(Updated on September 29, 2022)
Cruise control has been around since the late 1950s. There was a time when you could only find this convenient feature in a few model vehicles. Nowadays, it seems like virtually every model vehicle on the road has a cruise control feature.
How Does Cruise Control Work?
If you normally drive long distances, especially on the interstate, then cruise control lets you take your foot off the gas while the car maintains the same speed, giving your leg a rest. This may seem like merely a luxurious feature rather than a necessity, but many people depend on it for safe driving.
There are several different types of cruise control systems, but all implementations share similar basic components. There is a sensor to measure vehicle speed, a throttle position sensor, and some mechanism to control the throttle plate without the use of the gas pedal.
Outputs from the speed and throttle position sensors allow the engine computer to determine how much the throttle plate needs to open or close to maintain speed.
Cruise control systems may also use sensors in the transmission, taking the current gear and engine vacuum into account. Throttle position will be different in each gear at a given speed, especially when driving over hills.
What About Adaptive Cruise Control?
Adaptive cruise control is a newer, more sophisticated cruise control system that maintains vehicle speed based on the traffic in front of you. Traffic often fluctuates depending on conditions and the amount of drivers on the road at any given time.
This prevents traditional cruise control systems from working without constant input from the driver, defeating the purpose of cruise control.
Adaptive cruise control uses radar or cameras to determine the speed of traffic and the following distance between you and the car in front of you. The ECU will make subtle adjustments to maintain a constant following distance, even if traffic slows down slightly.
This feature can often be used for automating braking as well.
Cruise Control Problems (Accelerating or Maintaining Speed)
If your cruise control feature malfunctions and stops working altogether, you may not think it’s an immediate concern. You’ll probably figure that you just can’t use cruise control anymore until you get the problem fixed.
However, the problem with your cruise control might be related to an acceleration issue too. In fact, there are components of cruise control which can have an adverse effect on the acceleration if those components are bad. That is why you need to be aware of what causes cruise control issues.
Common Causes of Cruise Control Not Working
There are several possible causes of cruise control not working. Below are the top 6 most common causes. Check each of these areas and see if they’re the cause of your cruise control issue. In many cases, the remedy to the problem is not that complicated or expensive.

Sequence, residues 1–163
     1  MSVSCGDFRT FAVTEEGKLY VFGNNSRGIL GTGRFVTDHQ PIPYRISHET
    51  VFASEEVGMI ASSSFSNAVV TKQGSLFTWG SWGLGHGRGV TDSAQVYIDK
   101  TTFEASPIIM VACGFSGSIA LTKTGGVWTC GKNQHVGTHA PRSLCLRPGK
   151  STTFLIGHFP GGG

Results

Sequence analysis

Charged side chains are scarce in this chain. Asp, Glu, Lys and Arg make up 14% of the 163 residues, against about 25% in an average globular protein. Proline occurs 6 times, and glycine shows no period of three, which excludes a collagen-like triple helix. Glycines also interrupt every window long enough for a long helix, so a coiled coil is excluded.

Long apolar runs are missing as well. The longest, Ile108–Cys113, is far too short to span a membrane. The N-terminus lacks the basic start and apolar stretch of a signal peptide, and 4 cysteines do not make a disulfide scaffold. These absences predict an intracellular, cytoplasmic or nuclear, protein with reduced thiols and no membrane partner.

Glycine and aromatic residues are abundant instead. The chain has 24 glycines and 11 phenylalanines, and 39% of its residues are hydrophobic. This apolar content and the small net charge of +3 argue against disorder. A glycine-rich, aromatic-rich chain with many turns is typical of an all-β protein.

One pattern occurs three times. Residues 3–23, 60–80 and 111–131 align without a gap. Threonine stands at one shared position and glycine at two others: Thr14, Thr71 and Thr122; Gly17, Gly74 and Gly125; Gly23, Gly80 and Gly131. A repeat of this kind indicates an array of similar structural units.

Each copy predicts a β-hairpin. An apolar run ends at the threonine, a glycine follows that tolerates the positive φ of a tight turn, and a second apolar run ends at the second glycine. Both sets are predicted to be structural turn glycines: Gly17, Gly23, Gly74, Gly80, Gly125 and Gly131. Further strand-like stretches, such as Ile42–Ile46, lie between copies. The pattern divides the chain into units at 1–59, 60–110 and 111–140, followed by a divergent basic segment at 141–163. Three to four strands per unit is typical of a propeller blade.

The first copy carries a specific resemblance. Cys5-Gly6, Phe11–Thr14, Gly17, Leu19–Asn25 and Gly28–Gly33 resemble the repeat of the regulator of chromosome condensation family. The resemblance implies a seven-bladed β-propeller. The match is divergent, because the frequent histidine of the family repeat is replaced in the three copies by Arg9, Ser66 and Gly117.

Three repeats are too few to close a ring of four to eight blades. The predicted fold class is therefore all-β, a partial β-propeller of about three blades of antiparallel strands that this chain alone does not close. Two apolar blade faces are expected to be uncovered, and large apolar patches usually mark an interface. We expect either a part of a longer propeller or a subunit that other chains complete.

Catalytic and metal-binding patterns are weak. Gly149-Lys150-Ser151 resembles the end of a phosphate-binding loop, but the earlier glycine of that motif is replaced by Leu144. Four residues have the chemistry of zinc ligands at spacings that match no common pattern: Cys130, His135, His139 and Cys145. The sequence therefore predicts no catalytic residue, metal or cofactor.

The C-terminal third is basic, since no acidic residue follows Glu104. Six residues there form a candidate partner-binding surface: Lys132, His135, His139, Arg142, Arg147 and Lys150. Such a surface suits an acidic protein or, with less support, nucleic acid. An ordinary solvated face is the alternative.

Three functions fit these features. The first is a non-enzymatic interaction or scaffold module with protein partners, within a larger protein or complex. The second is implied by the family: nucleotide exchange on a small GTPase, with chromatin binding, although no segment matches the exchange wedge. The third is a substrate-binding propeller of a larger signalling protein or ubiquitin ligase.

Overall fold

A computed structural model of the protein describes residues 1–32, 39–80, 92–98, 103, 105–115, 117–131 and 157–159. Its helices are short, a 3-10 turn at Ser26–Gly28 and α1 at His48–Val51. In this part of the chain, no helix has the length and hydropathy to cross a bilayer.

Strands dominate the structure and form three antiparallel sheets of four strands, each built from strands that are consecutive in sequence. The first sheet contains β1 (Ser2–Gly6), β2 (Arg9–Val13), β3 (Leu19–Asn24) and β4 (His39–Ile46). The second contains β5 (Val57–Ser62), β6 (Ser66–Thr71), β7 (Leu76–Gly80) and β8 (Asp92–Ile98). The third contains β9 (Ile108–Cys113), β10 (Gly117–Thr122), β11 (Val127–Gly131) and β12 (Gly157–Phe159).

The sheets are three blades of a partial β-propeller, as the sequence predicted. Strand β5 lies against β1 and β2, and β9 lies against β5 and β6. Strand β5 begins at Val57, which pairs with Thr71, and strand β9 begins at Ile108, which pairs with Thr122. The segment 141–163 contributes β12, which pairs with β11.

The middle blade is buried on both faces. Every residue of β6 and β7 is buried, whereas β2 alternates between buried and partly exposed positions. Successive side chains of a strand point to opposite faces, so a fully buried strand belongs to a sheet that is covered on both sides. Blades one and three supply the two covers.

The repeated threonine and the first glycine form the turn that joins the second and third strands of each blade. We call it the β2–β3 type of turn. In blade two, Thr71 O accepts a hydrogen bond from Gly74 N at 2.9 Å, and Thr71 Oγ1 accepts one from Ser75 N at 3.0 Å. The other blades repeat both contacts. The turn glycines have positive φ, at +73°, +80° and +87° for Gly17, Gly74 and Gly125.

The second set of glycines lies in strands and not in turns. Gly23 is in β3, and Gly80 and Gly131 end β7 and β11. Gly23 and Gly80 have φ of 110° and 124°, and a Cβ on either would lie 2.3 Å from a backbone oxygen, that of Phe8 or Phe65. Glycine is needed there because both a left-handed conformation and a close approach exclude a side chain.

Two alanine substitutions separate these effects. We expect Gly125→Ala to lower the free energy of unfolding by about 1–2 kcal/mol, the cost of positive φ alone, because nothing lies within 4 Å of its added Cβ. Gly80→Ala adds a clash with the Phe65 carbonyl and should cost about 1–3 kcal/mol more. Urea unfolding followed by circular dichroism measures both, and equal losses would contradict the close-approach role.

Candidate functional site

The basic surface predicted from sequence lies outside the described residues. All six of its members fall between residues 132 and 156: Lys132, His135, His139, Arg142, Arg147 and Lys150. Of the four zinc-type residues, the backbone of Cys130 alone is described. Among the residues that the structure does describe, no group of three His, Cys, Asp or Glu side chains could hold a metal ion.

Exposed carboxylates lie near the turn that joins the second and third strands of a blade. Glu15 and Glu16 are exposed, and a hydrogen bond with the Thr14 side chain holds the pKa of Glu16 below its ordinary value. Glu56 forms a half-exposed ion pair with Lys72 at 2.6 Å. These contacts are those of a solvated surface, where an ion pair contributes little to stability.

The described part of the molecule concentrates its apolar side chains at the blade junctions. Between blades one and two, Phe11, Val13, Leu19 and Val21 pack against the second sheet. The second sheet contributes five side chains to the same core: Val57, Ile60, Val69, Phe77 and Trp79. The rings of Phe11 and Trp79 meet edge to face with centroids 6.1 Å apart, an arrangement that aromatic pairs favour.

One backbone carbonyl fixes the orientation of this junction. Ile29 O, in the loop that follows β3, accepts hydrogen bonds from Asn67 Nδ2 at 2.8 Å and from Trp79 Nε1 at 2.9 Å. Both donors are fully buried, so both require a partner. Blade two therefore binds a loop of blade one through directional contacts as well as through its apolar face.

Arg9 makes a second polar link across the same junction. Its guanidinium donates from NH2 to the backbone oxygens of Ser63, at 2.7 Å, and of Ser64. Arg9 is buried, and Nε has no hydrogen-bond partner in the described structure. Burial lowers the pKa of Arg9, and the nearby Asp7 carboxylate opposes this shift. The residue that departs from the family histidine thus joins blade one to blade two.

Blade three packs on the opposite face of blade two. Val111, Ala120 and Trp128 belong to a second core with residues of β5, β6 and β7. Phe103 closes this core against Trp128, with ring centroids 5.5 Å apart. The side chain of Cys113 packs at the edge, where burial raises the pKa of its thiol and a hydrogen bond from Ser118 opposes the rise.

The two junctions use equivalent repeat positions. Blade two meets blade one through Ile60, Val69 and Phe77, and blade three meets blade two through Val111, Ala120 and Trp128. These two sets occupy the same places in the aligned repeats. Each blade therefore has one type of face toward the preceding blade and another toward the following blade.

1) Cruise Control Switch
The cruise control switch is what you use to set your cruising speed. This information is transmitted to the engine control unit and cruise control module in order to sustain the acceleration speed.
If the contacts inside the cruise control switch were to wear out, then the module and unit might not receive the necessary speed information it needs to keep the acceleration going. In response, the system will deactivate entirely and cancel the current cruise acceleration set.
2) Brake Light Switch
Normally, you press the brake pedal to turn off cruise control. The brake light switch must be detected by the cruise control system for this to happen.
If it cannot detect the switch, then cruise control will disable itself automatically until the brake light switch issue is fixed.
A faulty brake light switch can also cause your brake lights to stay on.
3) Blown Fuse
The electrical components of the cruise control system are protected by fuses. Like inside your house, it is possible to blow a fuse. This will cause the cruise control system to turn off until the fuse is replaced.
4) Check Engine Warning Light
If the check engine warning light comes on, it usually means there is a problem with your transmission or engine. Once the engine control unit detects this problem, it may disable your cruise control system in response as a safety precaution.
Until you fix the engine issue, the cruise control will stay disabled.
5) Vehicle Speed Sensor
Most vehicles have a few vehicle speed sensors to transmit speed information about the vehicle to the engine control unit and the cruise control module. The only way your cruise control module is going to know how fast the vehicle is moving is if the vehicle speed sensors feed this information to it.
If the module cannot detect the speed because of faulty speed sensors, then the cruise control system will automatically deactivate.
6) Electrical Issues
There are several electrical components connected to the cruise control system. The connectors and wiring harnesses, and ground straps are definitely components that you need to check when the cruise control stops working.
Make sure the source of the voltage is still supplying power to the system as well. If any of these components are loose or damaged, then it would explain why the cruise control isn’t functioning.
7) Loose or Broken Cruise Control Cable
Older vehicles that are equipped with cruise control have two throttle cables – one for the gas pedal and one for the cruise control system.
These cables may stretch over time. If the cruise control cable has stretched or is broken, the cruise control system will not be able to operate the throttle plate properly.